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New Ordinance Streamlines Conversion of Gas Stations to Ped-Friendly Uses

The Arco gas station at Fell and Divisadero Streets, where a queue of drivers regularly blocks the sidewalk and bike lane. Photo: Aaron Bialick

The SF Board of Supervisors today approved changes to the city’s planning code to make it easier for developers to convert gas stations to uses like apartments and storefronts on major transit and pedestrian streets.

“Gas stations have a lot of [drivers] coming in and out, and they can slow down transit,” said Judson True, an aide to Supervisor David Chiu, at a hearing of the Land Use and Economic Development Committee last week. “In a transit-first city, while we want to make sure there are some gas stations, on primary transit corridors, this allows them to be converted under certain parameters without a Conditional Use authorization.”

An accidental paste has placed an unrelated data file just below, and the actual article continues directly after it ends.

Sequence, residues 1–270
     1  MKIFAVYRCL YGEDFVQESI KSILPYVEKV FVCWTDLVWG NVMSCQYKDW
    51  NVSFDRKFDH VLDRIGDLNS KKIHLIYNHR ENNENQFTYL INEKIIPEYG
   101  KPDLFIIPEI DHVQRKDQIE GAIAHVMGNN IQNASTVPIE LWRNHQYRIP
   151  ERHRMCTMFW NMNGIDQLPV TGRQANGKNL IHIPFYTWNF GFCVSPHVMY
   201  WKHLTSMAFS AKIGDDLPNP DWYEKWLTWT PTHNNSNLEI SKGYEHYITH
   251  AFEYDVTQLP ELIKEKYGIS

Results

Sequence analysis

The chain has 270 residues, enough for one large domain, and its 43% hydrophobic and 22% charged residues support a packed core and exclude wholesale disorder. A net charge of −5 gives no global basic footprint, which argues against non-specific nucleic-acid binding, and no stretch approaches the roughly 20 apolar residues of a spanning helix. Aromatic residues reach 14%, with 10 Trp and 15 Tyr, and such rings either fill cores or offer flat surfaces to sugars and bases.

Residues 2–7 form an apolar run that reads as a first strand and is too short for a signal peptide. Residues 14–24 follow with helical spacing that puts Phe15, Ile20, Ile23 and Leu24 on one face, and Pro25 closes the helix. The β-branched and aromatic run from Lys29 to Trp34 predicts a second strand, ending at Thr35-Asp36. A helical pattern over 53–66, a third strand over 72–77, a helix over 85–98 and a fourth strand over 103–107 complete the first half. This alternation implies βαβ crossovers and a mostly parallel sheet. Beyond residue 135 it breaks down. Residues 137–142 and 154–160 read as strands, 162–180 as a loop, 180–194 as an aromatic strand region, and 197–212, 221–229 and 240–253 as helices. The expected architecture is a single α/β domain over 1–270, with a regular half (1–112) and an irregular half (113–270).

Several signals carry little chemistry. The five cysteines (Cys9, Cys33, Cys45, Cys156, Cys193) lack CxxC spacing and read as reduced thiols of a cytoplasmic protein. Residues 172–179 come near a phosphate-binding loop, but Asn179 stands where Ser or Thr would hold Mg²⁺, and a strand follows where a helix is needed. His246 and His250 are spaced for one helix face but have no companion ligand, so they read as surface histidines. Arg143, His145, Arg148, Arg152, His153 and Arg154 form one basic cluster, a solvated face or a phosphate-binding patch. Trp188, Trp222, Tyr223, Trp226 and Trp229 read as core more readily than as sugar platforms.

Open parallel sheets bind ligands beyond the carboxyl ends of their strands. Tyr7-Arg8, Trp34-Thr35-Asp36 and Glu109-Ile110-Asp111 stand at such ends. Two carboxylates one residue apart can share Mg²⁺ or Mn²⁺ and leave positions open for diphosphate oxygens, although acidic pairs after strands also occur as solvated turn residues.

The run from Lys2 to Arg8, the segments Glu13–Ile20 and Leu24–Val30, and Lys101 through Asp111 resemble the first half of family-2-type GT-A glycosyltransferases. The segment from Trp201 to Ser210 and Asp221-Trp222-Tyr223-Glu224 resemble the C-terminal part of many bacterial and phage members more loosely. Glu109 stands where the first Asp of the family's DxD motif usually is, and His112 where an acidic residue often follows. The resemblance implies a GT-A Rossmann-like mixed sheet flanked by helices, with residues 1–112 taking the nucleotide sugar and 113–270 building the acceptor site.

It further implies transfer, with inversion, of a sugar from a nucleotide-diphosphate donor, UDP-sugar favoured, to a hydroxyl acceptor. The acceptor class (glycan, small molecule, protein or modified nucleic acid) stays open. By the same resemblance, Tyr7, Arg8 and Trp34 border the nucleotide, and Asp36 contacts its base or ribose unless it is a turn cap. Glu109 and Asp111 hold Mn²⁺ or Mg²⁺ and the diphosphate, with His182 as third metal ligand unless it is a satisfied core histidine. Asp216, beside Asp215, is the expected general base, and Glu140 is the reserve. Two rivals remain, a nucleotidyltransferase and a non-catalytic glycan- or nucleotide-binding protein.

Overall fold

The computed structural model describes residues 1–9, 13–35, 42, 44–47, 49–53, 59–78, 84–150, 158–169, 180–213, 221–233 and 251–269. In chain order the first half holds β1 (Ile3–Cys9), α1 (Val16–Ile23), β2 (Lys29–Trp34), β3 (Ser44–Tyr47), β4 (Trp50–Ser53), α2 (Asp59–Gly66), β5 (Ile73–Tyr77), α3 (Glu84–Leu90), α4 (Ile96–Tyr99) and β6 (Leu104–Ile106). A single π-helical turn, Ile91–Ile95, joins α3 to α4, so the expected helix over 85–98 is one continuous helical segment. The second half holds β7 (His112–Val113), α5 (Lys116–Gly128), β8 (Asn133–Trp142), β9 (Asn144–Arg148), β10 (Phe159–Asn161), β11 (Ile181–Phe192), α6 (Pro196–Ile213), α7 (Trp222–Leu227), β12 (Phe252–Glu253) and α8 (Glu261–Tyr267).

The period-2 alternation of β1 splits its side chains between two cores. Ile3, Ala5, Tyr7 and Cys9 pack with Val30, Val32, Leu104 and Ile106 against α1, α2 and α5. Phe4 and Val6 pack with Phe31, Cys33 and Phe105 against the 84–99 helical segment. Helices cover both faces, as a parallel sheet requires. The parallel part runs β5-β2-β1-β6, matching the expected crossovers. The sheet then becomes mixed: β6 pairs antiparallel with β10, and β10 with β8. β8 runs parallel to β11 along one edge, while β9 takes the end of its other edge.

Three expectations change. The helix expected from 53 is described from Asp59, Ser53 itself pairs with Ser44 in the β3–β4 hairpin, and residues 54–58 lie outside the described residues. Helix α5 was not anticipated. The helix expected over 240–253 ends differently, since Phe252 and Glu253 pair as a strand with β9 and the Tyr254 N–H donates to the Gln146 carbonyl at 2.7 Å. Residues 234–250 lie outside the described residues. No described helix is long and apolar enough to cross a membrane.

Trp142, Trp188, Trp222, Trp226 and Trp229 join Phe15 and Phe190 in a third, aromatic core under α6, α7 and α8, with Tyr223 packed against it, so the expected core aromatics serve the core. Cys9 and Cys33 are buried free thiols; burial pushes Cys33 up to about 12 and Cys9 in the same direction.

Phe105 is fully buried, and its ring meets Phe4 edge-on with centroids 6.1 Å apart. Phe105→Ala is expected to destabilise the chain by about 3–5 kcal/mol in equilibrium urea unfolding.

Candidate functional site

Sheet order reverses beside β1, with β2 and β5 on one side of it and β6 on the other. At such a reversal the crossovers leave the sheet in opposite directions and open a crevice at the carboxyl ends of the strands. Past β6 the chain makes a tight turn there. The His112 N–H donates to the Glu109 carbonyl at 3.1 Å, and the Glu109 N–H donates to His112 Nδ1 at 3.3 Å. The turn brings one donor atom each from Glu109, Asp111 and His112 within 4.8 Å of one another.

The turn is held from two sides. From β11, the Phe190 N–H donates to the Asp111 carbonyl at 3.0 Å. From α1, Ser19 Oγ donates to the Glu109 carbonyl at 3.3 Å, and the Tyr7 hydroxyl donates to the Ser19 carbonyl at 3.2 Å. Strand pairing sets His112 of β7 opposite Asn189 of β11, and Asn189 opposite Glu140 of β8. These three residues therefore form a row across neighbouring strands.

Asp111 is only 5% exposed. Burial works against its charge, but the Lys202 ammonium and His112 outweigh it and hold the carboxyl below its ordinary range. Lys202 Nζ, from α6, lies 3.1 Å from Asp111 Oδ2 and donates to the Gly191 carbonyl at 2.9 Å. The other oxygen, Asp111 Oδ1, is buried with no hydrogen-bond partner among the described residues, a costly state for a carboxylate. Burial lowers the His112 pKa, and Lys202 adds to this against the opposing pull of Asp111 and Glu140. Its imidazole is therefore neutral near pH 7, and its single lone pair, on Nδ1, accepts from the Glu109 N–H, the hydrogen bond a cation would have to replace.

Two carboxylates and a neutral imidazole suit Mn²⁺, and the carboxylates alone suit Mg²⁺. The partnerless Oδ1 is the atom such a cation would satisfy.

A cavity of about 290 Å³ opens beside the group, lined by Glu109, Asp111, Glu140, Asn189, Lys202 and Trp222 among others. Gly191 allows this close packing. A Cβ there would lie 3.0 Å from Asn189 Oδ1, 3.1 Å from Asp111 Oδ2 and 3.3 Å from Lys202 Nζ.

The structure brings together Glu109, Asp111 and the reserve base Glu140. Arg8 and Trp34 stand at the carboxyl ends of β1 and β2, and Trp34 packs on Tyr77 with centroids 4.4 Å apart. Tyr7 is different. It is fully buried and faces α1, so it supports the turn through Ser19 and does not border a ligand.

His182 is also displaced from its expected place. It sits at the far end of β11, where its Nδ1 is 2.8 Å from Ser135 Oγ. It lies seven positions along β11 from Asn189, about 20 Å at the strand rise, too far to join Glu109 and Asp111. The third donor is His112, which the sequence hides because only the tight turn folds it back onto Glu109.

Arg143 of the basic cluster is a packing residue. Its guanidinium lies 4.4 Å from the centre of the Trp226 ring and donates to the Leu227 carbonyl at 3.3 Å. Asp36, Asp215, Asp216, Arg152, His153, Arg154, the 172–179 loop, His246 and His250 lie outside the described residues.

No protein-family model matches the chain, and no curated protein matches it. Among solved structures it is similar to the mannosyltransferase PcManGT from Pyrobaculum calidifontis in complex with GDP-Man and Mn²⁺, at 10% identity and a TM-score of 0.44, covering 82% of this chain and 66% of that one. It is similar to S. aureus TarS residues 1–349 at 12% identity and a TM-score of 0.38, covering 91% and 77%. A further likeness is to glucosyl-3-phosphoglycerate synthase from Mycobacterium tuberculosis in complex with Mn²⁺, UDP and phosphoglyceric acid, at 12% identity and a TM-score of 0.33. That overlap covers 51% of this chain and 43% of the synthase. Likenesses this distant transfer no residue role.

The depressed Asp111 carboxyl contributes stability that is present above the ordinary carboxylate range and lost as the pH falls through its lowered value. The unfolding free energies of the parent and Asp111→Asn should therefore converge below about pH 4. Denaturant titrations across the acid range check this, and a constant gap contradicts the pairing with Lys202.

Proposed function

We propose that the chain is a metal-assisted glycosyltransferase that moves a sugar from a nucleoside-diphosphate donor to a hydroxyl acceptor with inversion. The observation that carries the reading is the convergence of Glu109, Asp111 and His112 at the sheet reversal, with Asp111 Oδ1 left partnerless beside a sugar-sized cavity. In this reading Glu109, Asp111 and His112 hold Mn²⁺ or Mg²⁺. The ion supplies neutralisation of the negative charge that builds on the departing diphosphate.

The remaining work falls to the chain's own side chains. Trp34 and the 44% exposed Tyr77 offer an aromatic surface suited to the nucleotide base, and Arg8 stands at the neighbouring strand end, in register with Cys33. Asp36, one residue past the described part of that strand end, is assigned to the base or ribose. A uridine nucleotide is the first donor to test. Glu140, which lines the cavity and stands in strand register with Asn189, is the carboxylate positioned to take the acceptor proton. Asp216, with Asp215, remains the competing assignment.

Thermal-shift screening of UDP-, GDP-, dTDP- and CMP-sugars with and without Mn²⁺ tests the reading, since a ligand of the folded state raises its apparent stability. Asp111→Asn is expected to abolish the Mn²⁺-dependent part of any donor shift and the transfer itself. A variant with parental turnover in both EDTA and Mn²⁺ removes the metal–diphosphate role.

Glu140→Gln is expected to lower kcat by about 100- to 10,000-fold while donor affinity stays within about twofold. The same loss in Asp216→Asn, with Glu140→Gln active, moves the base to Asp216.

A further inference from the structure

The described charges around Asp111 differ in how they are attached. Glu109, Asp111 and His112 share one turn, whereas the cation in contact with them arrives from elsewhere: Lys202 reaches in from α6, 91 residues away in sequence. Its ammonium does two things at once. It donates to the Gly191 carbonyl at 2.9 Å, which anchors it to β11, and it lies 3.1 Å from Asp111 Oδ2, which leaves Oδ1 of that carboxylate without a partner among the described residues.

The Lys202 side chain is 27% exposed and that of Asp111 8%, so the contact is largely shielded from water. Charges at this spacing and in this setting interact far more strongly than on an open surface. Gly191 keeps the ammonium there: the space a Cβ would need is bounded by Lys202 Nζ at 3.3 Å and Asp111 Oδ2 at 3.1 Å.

By removing the hurdle of obtaining a Conditional Use permit — an exemption from local planning regulations — the amendment is intended “to balance the desire to retain [gas stations] with city policies which support walking, cycling, and public transportation, and which encourage new jobs and housing to be located in transit corridors,” according to the Board of Supes’ summary of the bill [PDF].